3 items from 2014
[Note: With the film set for a UK Blu-ray release on July 7th, here's a reposting of my review of Absentia from its original 2012 DVD debut]
Tricia’s husband Daniel has been missing for seven years. Her younger sister Callie comes to live with her and helps her find the strength to finally declare him legally dead ‘in absentia’. As Tricia tries to move on with her life she is haunted by terrifying visions while her sister finds herself drawn to an ominous tunnel near the house which is linked to other unexplained disappearances. It becomes clear the tunnel holds a dark secret, something lies in the shadows and Daniel may be suffering a fate far worse than death.
Absentia is, for all intents and purposes, a movie about loss – the loss of a loved one, the loss of control… It also deals with the dark side of life, the side of which you’d don’t always »
- Phil Wheat
Back in 2011 my best of the year list was topped by Mike Flanagan's Absentia, and with his follow-up, Oculus, in theatres now, it's good to see a little love being shown to his award-winning breakthrough film as it hits UK Blu-ray for the first time.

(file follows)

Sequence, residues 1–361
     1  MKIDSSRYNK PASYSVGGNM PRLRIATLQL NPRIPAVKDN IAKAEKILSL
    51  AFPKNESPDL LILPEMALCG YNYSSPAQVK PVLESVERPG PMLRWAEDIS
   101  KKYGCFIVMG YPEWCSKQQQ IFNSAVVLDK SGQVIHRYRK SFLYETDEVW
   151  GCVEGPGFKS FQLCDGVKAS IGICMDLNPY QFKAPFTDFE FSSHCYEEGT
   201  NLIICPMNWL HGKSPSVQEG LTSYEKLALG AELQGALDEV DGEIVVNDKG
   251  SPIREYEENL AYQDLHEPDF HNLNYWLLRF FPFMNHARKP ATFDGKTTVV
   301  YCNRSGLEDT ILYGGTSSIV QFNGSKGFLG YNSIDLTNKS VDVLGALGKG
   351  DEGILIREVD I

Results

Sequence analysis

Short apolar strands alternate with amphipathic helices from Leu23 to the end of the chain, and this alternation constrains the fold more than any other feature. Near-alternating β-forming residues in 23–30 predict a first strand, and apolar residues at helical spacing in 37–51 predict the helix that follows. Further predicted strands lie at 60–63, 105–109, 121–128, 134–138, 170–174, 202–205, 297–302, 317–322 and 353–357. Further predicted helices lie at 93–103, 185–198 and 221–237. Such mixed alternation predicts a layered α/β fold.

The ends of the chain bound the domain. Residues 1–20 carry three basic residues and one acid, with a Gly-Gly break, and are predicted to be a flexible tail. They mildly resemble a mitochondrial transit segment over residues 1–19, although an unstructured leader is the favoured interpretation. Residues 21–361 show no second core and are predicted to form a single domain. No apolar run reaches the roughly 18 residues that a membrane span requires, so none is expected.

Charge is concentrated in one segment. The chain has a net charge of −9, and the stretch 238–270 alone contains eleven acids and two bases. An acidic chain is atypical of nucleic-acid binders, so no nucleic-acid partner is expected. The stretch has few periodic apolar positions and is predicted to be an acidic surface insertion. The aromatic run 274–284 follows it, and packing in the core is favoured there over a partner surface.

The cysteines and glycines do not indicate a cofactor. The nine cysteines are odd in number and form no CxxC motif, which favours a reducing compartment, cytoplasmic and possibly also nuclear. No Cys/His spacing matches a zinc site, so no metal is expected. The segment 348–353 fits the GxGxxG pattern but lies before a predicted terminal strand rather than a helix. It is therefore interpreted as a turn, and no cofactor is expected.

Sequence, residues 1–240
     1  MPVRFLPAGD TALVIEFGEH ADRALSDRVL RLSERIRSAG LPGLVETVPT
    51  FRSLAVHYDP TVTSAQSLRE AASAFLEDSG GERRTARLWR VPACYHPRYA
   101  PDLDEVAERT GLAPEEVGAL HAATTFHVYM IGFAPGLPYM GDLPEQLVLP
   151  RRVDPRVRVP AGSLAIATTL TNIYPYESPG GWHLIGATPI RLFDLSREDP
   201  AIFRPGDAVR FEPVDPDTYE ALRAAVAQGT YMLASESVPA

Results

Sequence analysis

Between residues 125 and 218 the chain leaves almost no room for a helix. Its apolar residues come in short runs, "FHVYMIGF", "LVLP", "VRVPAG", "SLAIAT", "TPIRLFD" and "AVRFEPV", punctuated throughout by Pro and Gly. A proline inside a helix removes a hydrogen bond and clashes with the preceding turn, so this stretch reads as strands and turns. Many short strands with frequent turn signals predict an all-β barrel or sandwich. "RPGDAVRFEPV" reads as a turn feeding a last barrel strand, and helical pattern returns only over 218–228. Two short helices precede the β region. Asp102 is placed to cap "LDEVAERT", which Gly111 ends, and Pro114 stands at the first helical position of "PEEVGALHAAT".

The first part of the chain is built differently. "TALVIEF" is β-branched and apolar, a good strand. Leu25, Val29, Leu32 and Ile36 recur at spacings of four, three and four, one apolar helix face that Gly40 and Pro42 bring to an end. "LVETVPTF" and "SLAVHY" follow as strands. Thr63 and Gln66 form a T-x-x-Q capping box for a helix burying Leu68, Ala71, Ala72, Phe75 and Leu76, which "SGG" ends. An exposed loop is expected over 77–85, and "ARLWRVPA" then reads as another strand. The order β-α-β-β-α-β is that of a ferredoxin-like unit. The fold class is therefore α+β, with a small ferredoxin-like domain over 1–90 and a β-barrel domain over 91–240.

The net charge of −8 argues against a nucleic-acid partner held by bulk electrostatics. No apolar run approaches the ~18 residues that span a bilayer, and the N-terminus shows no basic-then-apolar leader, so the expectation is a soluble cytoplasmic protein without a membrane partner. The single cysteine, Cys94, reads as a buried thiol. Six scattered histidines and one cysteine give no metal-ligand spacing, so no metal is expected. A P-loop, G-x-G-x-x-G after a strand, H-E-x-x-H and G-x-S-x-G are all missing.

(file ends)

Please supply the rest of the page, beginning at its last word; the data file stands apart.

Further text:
From the Press Release:
One of the most frightening films of recent years, Mike Flanagan's critically acclaimed Absentia makes its UK Blu-ray debut courtesy of Second Sight Films. A new DVD release is on its way as well, with both hitting stores on 7 July.
Tricia’s (Courtney Bell) husband, Daniel, has been missing for seven years, and with the help of her sister, Callie (Katie Parker), she finally declares him legally dead ‘in absentia.’ As Tricia tries to move on with her life, she becomes haunted by terrifying visions, while Callie is strangely drawn to an ominous tunnel near the house with links to other unexplained disappearances. »
- Debi Moore
Directed by Mike Flanagan
Thanks to the likes of James Wan, paranormal horror is all the rage. From Paranormal Activity to Insidious and The Conjuring, audiences are irretrievably hooked to tales of nuclear families being bloodlessly menaced by only-fleetingly-visible entities of malicious intent. What’s remarkable about Mike Flanagan’s Oculus, which follows his no-budget wonder Absentia, is how it manages to wring genuine dread from a beyond-worn subgenre simply by paying close attention to the realities of its deeply troubled characters. Oculus functions equally well as a tragic psychodrama as it does a horror film.
Flanagan appears to have taken inspiration from Stephen King’s seminal It, in which a group of childhood friends reunite to vanquish an evil force that has long plagued their town. Where King’s novel (and the TV-movie adaptation) adopted a neatly bifurcated structure, Flanagan flits between past and present, »
- Simon Howell
3 items from 2014
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